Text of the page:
The problem of overpopulation and how we can work to solve it
The world population is growing at a rapid speed and while America may not yet feel the impact of the earth’s overpopulation, many other countries are losing resources and lack basic needs.
As of Oct. 31, the world is now home to seven billion people.
Every time we turn on the television, we see a commercial, or several, asking us to donate money to some third-world country where children don’t have access to schools, food or even clean water. Is this the case of a poor nation or rather the effects of overpopulation? Maybe the best answer to this problem would be the spread of birth control.
According to National Geographic, these areas have the greatest population growth, which in turn results in limited resources available to those in need. The world’s fastest growing population is in Africa.
“Nearly three-fifths of the 4.8 billion people in developing countries lack basic sanitation, almost a third have no access to clean water, a quarter lack adequate housing, and a fifth lack access to modern health services,” states National Geographic’s website on overpopulation.
At the beginning of time, the world was created with an exact amount of resources, which cannot be identically replicated by man, such as water.
According to World Population Awareness, “We are now using between 1.2 and 1.5 planets worth of resources that can be sustainably supported. Before mid-century we will need the capacity of two Earths to keep up with our level of demand.”
In 1900, there were just under two billion people living on earth and somehow, we as a people managed to grow that number by more than 300 percent in just over a hundred years.
According to the Population Reference Bureau (PRB), 6.5 percent of the 108 billion people who were ever born are living today. That number might seem small at first glance, but think about it for a minute, that’s 6.5 percent of everyone since 50,000 B.C.
The problem of overpopulation seems to have a strong correlation to global warming with humans using more than what the Earth can provide for them.
We have all heard of ways to save the Earth, in fact, “going green” has become the new fashion trend as well as preserving the Earth’s goods. “Green is the new black,” as they say. However, even with everyone using a limited amount of water or other natural resources, there will eventually come a time when there just isn’t enough to go around.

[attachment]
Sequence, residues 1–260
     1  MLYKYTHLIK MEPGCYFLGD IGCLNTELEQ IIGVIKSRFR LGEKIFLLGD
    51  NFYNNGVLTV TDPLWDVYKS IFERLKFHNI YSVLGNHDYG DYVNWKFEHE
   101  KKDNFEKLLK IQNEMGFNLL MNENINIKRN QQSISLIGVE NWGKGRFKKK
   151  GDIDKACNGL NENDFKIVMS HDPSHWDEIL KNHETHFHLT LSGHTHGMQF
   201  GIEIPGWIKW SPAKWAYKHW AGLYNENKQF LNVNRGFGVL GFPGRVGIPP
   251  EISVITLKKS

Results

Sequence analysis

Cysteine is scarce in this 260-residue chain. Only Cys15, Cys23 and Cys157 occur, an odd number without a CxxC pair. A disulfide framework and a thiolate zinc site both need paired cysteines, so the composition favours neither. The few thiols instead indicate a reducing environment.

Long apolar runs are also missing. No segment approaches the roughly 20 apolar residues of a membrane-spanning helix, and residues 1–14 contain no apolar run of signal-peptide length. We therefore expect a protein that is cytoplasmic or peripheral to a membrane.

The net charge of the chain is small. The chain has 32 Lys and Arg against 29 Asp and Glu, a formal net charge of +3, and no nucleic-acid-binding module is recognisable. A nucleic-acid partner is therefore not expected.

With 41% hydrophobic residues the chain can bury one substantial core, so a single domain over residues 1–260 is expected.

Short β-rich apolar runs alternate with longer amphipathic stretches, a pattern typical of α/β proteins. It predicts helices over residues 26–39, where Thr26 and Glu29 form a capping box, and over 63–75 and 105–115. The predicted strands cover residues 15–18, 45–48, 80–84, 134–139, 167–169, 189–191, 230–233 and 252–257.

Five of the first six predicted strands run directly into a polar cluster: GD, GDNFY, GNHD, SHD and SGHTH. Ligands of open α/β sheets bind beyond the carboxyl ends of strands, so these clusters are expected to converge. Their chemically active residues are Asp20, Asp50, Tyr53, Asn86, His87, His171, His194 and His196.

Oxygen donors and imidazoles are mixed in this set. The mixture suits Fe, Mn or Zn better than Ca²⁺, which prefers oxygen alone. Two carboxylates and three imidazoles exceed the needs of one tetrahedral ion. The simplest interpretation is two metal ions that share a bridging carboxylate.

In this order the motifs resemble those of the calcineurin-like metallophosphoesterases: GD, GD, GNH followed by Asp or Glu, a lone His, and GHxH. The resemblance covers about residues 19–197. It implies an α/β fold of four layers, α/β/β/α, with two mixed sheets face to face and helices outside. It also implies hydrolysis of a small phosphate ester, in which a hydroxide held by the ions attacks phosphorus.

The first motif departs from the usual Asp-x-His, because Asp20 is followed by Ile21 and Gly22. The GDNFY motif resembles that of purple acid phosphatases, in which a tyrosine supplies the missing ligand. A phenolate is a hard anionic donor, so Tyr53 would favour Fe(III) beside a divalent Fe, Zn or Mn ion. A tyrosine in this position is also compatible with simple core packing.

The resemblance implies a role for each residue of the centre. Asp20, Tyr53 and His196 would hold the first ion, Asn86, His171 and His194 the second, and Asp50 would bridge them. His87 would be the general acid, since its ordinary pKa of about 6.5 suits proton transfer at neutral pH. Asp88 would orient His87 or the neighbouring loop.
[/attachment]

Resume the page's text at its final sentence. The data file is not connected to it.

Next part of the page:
But it takes more than just going green to change this effect of overpopulation on Earth. The problem also lies in the effects of poverty; nearly half of the world’s population lives on less than two dollars a day, according to PRB.
So what do we do, put a regulation on how many children each woman or couple can have? That seems highly unlikely and pretty much impossible without physically controlling each woman’s egg count.
While PRB’s President Wendy Baldwin has said that population growth has declined to 1.2 percent per year, it still isn’t slow enough. This number means the human population is still growing rather than staying the same.
Rather than sending money over to these third-world countries for only food (which of course is important), they should also invest in birth control.
Not only would birth control help to slow the population growth rate, but it can also help to prevent the high rate for infant deaths in those countries.
Less than 5 percent of people in most countries in Africa use contraceptives according to the U.S. National Library of Medicine and the National Institutes of Health.
If this number was higher and more people were aware of the benefits of birth control, and it was accessible to them, it would help everyone and the planet overall.
According to the International Planned Parenthood Foundation (IPPF), “Promoting birth control in Africa faces a host of obstacles – patriarchal customs, religious taboos, ill-equipped public-health systems – but experts also cite a powerful, more distant force: the U.S. government.”
Under President George W. Bush, billions of dollars were given to Africa to help their struggle with AIDS, however, he prohibited its use toward family planning services, according to IPPF.
An example of how well family planning and contraceptives can work for the problem with population appears in our very own home.
In 1972, the Supreme Court legalized birth control for all United States citizens. Since then, the population growth rate in the U.S. has gone down significantly.
If we can find a way to bring our knowledge and access to birth control to everyone on the planet, we can help slow the rates of population growth over time.